Ever since he began to be rumored as Northern Illinois University’s next head football coach, there has been a buzz around campus. From his introductory press conference on Jan. 18, to speaking engagements, appearances at events and, yes, even his presence on Twitter (@NIUCoachHammock), NIU alumnus Thomas Hammock, ’02, is reigniting the passion of the Huskie fan base.
Hammock is thankful for, if a little puzzled by, the reception he has received.
“It’s definitely humbling,” he said. “I’ve just been me. I’m not a self-promoting type of guy. I am who I am. I’m very passionate about NIU football, and I think we’re building something that can be sustained for an extended period of time.”
Of course, winning starts with student-athletes and Hammock’s enthusiasm for NIU. The pure positivity of his demeanor is evident in Hammock’s daily interactions with the Huskie players.
“The most fun has been getting to know the whole team,” he said. “I’ve always been about relationships and mentoring young people. This is a people business, and the more the players trust you, the more you can demand from them.”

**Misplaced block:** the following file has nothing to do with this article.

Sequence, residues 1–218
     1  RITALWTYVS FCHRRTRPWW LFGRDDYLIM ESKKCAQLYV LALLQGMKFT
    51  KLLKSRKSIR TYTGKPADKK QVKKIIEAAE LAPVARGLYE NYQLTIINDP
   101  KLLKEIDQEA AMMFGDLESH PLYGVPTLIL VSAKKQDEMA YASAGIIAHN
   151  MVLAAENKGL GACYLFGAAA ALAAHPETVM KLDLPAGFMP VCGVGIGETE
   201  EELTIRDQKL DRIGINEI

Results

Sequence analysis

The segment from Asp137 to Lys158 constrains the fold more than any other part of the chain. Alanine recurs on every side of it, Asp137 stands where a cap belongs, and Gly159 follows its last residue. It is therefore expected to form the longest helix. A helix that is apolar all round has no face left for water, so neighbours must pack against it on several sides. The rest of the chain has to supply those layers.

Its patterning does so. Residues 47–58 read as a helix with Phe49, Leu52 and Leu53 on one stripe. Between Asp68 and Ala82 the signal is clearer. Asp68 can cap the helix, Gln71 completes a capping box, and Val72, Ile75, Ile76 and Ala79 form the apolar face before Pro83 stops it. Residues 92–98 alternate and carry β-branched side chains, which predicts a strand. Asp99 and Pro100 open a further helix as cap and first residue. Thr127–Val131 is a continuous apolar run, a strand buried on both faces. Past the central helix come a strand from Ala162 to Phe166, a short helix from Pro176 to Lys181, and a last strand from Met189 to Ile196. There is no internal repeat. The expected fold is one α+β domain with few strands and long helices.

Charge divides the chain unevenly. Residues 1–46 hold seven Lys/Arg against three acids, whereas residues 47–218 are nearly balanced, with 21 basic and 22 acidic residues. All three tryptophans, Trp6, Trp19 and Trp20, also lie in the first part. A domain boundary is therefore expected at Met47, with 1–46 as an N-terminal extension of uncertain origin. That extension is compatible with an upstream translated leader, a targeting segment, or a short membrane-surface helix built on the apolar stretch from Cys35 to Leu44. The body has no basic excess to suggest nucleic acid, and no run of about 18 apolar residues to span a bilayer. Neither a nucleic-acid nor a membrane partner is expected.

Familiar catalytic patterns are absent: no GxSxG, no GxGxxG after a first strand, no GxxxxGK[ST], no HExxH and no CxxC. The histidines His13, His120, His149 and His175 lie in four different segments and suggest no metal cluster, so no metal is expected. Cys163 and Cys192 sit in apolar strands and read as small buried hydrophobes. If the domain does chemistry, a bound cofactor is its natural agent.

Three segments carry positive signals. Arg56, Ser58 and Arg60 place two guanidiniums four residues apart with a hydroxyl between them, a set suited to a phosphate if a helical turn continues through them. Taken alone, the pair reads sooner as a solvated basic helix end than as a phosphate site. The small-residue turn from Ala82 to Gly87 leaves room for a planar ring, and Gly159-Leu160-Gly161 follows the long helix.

There is no doubt Hammock, who played for head coach Joe Novak at NIU from 1999-2002 and returned to the staff as an assistant coach in 2005-06, knows the meaning of “The Hard Way.” He rushed for 1,000 yards in both 2000 and 2001, was a two-time All Mid-American Conference First Team selection and the first two-time Academic All-American in Huskie football history.
Now Hammock is demanding the discipline and work ethic that was a hallmark of his college career—both in the classroom and on the field—from the current Huskies.
“You’re going to see a tough team, a disciplined team, a team that refuses to quit,” Hammock said. “We want to play well on offense, defense and special teams. We want to have systems that allow the players to play to the best of their abilities. To me, the better you are as a student, the better football player you can be, because it correlates. If I can trust you in a classroom, I can trust you on the field.”
Hammock’s NIU experiences as a student, as an athlete, as an assistant coach and as an alumnus, drive him as he enters the 2019 campaign with the defending MAC Champion Huskies.
“There’s a lot of pride that I have in this program and a lot of understanding of what has been done before to make the program what it is,” Hammock said. “Being an alumnus certainly affects the way I approach the job because obviously it means a lot more to me.”